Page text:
Date of Award

8-2019

Document Type

Dissertation

Degree Name

Doctor of Philosophy (PhD)

Department

Bioengineering

Committee Member

Sarah W Harcum, Committee Chair

Committee Member

Kim Paul

Committee Member

Ying Mei

Committee Member

Agneta Simionescu

Abstract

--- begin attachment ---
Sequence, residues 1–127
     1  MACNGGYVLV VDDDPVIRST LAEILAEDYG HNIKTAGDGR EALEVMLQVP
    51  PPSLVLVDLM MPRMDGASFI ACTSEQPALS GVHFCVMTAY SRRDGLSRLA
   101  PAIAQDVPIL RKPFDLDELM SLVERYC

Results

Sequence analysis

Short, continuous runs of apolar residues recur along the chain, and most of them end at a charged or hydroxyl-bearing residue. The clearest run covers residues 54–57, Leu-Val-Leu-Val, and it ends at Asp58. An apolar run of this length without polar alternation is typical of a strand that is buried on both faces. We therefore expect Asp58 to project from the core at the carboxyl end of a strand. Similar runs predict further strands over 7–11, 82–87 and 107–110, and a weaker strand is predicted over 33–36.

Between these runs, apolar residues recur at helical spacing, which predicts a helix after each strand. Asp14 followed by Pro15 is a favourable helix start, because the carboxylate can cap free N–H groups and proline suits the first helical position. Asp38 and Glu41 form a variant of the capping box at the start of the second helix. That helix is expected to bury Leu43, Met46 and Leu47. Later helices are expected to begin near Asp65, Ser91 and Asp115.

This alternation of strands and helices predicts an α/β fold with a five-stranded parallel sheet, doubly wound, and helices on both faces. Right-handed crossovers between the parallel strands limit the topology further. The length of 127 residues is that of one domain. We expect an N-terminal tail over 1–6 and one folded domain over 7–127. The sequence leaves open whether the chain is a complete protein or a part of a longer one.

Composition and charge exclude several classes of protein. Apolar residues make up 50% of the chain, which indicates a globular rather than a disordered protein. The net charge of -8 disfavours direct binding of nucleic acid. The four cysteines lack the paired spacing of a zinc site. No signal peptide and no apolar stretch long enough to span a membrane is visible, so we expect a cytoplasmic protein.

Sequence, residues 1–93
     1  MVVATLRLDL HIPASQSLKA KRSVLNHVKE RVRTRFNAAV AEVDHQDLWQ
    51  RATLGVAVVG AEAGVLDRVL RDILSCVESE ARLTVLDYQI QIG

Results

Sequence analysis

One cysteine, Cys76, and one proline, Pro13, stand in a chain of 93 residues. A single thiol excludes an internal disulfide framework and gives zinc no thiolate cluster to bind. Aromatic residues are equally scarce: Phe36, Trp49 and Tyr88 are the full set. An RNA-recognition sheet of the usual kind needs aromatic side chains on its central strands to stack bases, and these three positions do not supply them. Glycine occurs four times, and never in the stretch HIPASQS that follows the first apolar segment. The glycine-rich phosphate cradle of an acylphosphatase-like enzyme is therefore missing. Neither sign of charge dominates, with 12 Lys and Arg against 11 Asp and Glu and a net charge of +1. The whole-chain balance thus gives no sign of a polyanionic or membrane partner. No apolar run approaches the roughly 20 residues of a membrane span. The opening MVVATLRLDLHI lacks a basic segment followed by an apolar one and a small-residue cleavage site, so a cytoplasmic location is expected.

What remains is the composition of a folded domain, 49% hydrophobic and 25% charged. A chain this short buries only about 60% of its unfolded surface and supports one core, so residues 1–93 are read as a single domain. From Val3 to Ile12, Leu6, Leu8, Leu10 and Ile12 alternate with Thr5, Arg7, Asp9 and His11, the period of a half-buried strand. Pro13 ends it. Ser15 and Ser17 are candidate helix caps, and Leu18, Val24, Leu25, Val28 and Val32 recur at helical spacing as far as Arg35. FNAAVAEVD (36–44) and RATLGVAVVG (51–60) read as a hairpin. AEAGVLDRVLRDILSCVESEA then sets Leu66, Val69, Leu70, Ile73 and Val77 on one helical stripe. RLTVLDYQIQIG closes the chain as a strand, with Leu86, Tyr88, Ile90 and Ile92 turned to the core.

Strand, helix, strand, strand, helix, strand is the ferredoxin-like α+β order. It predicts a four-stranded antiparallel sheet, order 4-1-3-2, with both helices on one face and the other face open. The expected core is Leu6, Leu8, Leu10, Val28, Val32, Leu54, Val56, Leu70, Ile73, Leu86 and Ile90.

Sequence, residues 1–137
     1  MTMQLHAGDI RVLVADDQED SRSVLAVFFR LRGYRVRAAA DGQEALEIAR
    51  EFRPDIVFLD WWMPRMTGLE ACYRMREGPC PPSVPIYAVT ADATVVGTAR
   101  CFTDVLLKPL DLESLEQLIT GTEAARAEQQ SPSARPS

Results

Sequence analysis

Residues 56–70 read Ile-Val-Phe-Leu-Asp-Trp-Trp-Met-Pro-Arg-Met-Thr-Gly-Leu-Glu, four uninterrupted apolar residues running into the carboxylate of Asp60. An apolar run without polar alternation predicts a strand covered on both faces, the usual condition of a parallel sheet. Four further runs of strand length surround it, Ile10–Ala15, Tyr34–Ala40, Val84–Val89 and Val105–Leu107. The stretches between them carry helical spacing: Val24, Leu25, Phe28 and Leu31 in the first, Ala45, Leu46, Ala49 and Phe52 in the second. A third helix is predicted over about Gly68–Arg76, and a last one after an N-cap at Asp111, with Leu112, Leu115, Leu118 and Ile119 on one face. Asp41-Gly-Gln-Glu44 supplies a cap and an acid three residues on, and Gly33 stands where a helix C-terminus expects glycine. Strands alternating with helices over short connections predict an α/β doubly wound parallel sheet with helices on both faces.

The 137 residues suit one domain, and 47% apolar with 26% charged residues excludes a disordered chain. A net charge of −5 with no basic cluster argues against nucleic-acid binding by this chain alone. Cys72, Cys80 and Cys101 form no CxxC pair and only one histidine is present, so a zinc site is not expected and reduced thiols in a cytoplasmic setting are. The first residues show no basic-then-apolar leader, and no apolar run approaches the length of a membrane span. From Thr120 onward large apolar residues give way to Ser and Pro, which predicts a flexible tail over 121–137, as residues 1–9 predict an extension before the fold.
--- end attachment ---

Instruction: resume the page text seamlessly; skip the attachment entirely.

Proliferative cells, including many types of cancer and pluripotent stem cells, rely primarily on glycolysis and lactate metabolism for energy, regardless of oxygen availability. This metabolic phenotype – referred to as the Warburg effect – results in wasteful lactate accumulation. Although cancer cells and pluripotent stem cells share this central metabolic characteristic, the sensitivities of each of these cell types to lactate stress appear contradictory. While lactate accumulation is thought to adversely impact pluripotent stem cell proliferation and differentiation capacities, cancer cells have been shown to possess bioenergetic plasticity to utilize lactate catabolism for fuel. As a result, lactate buildup within the hypoxic tumor microenvironment has been hypothesized to promote cancer progression and malignancy, in part by selecting for cancer populations capable of catabolizing lactate. Moreover, lactate has been shown to promote "stemness" gene expression in cancer, suggesting that lactate plays a functional role in regulating pluripotency gene expression. However, an incomplete understanding of the impact of lactate on intracellular metabolism for proliferative cells remains. In this work, 13C-metabolic flux analysis was used to quantify the intracellular metabolic responses of breast cancer cells and induced pluripotent stem cells (iPSCs) to high extracellular lactate; in particular, to determine the role of lactate as a metabolic substrate. In this research, it was demonstrated that both iPSCs and breast cancer cells employ dual consumption of glucose and lactate to support growth. In addition, this is the first study to determine and quantify intracellular contribution of lactate in proliferative iPSC metabolism. These results provide insight into the metabolic flexibility of highly proliferative cells with respect to lactate metabolism and suggest that, much like many types of cancer cells, iPSCs possess the capacity to metabolize lactate to promote exponential growth and maintain pluripotency.

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